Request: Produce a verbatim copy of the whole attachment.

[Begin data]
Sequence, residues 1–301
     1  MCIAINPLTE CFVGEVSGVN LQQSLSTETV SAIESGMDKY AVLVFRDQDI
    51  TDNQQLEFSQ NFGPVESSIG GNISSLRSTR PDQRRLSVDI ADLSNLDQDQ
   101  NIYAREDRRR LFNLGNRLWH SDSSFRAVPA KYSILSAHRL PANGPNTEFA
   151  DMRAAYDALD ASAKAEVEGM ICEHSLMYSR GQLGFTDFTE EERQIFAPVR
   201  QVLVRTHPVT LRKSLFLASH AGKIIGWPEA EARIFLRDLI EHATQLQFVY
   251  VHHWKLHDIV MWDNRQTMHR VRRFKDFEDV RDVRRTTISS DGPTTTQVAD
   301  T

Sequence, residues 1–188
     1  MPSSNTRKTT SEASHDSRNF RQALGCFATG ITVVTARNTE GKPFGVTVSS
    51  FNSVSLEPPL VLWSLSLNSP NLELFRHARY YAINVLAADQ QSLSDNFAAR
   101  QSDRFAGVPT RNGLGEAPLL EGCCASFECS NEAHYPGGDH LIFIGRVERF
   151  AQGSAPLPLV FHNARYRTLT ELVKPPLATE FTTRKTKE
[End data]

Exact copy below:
Sequence, residues 1–301
     1  MCIAINPLTE CFVGEVSGVN LQQSLSTETV SAIESGMDKY AVLVFRDQDI
    51  TDNQQLEFSQ NFGPVESSIG GNISSLRSTR PDQRRLSVDI ADLSNLDQDQ
   101  NIYAREDRRR LFNLGNRLWH SDSSFRAVPA KYSILSAHRL PANGPNTEFA
   151  DMRAAYDALD ASAKAEVEGM ICEHSLMYSR GQLGFTDFTE EERQIFAPVR
   201  QVLVRTHPVT LRKSLFLASH AGKIIGWPEA EARIFLRDLI EHATQLQFVY
   251  VHHWKLHDIV MWDNRQTMHR VRRFKDFEDV RDVRRTTISS DGPTTTQVAD
   301  T

Sequence, residues 1–188
     1  MPSSNTRKTT SEASHDSRNF RQALGCFATG ITVVTARNTE GKPFGVTVSS
    51  FNSVSLEPPL VLWSLSLNSP NLELFRHARY YAINVLAADQ QSLSDNFAAR
   101  QSDRFAGVPT RNGLGEAPLL EGCCASFECS NEAHYPGGDH LIFIGRVERF
   151  AQGSAPLPLV FHNARYRTLT ELVKPPLATE FTTRKTKE